PHILIPPINES – FARMER-OFW PARTNERSHIP SHIPS OUT ORGANIC COLORED RICE TO UAE


Source: Business World

10/07/2017 – A group of farmers from North Cotabato, who have received financial infusion from overseas Filipino workers (OFWs) in Dubai, have started exporting organic colored rice to the United Arab Emirates (UAE), shipping out an initial 10 metric tons (MT) last June 30.

 
“There are many OFWs in Dubai who want to help the Filipino farmers back home and earn income in the process,” Don Bosco Multi-Purpose Cooperative General Manager Romano S. Laurilla said in an interview during the cargo send-off at the Davao port.

Don Bosco Cooperative, which started in 2006 and is now composed of 400 farmer-families, was a beneficiary of P22.4 million worth of interventions from the Department of Agriculture, including a double chamber vacuum packing machine, seed trading center, rice transplanter, seed cleaner and rice color sorter.

Then with the Philippine Overseas Labor Office (POLO)-Dubai’s EntrePinoy Reintegration Programme launched in October 2016, the co-op has so far received P2.3 million in investments from OFWs who have “adopted” farms in North Cotabato.

The EntrePinoy Reintegration Program encourages OFWs to engage in socially-responsible business activities and investment opportunities.

“The OFWs agreed to finance the organic rice farms at P30,000 per hectare for production and marketing,” Mr. Laurilla said.

Ofelia B. Domingo, former labor attach to Dubai and now regional director of the Department of Labor and Employment in Zamboanga Peninsula, said under the adopt-a-farm concept, “OFWs invest P30,000 per hectare for a maximum of five hectares each with a 30% return on investment (ROI), or a guaranteed profit of P9,000 in a year.”

The OFWs are also urged to buy shares in EntrePinoy FZE, the marketing arm and sole product distributor of the Dubai EntrePinoy Reintegration Program, priced as 2,500 Arab Emirates Dirham (AED) per share for a maximum of five shares, with an ROI of 28%.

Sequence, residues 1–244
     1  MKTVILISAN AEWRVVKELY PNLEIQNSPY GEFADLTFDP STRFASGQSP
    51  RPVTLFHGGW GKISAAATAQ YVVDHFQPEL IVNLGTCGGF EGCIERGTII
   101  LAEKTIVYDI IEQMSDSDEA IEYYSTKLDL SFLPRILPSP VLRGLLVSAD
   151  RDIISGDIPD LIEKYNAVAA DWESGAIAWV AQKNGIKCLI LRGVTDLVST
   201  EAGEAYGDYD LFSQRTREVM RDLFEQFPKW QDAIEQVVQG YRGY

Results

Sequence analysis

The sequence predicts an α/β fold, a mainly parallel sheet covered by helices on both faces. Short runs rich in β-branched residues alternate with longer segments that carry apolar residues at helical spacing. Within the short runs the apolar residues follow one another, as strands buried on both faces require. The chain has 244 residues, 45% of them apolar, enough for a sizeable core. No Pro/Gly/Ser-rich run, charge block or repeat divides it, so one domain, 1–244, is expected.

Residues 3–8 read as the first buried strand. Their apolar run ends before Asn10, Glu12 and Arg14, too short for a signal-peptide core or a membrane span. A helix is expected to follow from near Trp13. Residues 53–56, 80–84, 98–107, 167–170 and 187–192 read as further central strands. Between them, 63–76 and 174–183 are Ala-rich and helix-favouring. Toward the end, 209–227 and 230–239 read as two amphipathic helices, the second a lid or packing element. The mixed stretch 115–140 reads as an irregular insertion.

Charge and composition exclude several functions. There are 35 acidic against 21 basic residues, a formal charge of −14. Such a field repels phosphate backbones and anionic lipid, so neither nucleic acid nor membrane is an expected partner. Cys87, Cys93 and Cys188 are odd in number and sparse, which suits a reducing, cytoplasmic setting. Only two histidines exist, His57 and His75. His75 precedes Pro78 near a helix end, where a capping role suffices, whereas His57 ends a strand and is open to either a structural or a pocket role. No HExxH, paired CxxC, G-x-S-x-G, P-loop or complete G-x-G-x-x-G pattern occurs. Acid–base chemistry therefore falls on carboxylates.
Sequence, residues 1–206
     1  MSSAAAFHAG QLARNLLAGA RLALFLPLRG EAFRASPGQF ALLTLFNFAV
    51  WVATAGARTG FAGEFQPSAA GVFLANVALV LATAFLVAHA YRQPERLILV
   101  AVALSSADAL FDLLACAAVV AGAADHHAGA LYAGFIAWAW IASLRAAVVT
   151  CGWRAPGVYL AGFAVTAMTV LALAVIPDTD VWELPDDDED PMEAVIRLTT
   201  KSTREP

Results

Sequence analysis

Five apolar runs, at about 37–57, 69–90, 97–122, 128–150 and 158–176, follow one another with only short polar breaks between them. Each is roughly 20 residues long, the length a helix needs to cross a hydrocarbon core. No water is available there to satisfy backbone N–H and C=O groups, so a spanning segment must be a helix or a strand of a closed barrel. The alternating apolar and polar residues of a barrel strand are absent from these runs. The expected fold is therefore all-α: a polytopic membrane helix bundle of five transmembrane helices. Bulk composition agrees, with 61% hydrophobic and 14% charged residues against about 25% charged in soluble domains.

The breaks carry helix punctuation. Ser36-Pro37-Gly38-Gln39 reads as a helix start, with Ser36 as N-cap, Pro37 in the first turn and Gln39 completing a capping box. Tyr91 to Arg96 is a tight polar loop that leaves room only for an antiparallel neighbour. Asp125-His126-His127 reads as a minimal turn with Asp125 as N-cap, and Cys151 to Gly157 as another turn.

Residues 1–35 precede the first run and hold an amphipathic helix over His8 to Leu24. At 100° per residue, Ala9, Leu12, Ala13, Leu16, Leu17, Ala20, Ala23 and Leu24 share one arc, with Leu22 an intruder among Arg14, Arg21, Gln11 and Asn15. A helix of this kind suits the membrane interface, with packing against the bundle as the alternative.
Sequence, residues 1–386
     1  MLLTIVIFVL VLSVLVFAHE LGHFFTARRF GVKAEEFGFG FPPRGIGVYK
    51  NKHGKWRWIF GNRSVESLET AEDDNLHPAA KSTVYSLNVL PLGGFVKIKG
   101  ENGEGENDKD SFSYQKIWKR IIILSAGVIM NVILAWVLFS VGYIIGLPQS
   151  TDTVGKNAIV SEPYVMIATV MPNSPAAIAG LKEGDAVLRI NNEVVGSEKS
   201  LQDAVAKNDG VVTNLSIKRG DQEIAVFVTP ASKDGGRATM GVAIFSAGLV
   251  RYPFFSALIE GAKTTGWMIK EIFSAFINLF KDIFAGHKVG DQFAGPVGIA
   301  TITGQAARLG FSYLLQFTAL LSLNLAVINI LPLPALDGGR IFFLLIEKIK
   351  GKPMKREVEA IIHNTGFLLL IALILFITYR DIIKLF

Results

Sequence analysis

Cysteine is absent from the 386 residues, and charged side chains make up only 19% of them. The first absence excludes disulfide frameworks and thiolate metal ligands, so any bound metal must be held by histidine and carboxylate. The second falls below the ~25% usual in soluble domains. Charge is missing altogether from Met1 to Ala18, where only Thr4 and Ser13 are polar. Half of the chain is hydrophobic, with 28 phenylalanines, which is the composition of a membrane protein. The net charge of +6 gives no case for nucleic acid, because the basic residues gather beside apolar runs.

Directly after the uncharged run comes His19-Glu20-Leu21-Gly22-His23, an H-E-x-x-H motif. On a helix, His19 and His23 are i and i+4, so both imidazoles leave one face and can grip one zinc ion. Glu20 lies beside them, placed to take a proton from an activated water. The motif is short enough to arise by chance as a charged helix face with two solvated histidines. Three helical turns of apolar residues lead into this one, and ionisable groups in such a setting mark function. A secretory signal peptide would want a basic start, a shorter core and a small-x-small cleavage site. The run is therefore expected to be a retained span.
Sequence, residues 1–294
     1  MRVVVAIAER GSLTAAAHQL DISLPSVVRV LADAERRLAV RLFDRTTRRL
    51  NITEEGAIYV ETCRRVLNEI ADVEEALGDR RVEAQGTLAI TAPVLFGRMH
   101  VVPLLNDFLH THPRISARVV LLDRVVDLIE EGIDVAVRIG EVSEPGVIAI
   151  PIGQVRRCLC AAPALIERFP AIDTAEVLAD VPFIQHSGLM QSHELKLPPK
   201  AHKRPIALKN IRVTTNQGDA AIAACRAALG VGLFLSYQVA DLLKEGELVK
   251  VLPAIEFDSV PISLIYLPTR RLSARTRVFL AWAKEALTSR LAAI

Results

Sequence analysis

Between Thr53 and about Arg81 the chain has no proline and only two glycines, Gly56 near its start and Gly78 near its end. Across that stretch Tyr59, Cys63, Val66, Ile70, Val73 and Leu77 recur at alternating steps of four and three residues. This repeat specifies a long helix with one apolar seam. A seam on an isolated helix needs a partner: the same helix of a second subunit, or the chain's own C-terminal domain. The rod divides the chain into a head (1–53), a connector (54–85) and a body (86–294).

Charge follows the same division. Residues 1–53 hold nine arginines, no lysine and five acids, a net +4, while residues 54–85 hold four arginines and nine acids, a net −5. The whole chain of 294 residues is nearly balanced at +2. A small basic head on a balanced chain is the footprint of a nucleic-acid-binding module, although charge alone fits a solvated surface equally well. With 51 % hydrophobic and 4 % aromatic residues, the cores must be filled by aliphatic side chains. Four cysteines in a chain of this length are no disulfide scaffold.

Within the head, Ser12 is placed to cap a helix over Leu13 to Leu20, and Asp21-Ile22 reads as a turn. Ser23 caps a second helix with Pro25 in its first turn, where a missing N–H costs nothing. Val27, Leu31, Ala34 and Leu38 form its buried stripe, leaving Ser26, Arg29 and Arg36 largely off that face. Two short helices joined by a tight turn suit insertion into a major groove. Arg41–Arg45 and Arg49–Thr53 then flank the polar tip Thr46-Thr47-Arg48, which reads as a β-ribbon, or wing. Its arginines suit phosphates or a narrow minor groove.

North Cotabato has a total production area of 500 hectares for the high-value organic black, red and brown rice, of which 150 hectares are covered by the program.

US MARKET

Last Friday’s shipment included 3.5 MT bound for Los Angeles, California.

The US export is through Don Bosco Cooperative’s partnership with Social Project.PH, a US-registered nonprofit organization that aims to develop and support social entrepreneurship as a sustainable means to alleviate poverty.

“We already started exporting colored organic rice to the US before the Dubai OFW program, right after I met Justin Garrido, a social entrepreneur and cofounder of Social Project.PH. Mr. Garrido, managing director of a chain of stores in the US, came to the Philippines to look for local products that could be promoted in the US and he became interested in Don Bosco’s organic rice,” Mr. Laurilla narrated.

Social Project.PH has imported up to 2 MT of colored organic rice from the cooperative since 2014.

CERTIFICATION

Mr. Laurilla said they have already exported more than 150 MT of their colored rice, under the Bios Dynamis brand, to more than 10 countries in previous years, but they are particularly excited about the UAE because they see it as a steady market.

“Our colored organic rice export to Dubai has a sure market. Our product was able to enter UAE and the US because we are halal-certified and organic-certified,” he added.

Don Bosco Cooperative has a certification from the Organic Certifying Center of the Philippines and from the National Organic Program of the US Department of Agriculture. It is also the first cooperative in the Philippines to receive an international certification from the Certification of Environmental Standards.

“One of the most important requirements they asked from us to start exporting is to have a third party certification,” he said.

Mr. Laurillo said they are preparing to increase production and expand their export markets by training more farmers who have applied to join the cooperative.

These new farmers are trained and assisted to shift into organic farming, but their produce will initially be just for the local market.

Mr. Laurillo explained that these new members fall under the “category of a farm converting to organic farming” and are only able to pass full certification after two years.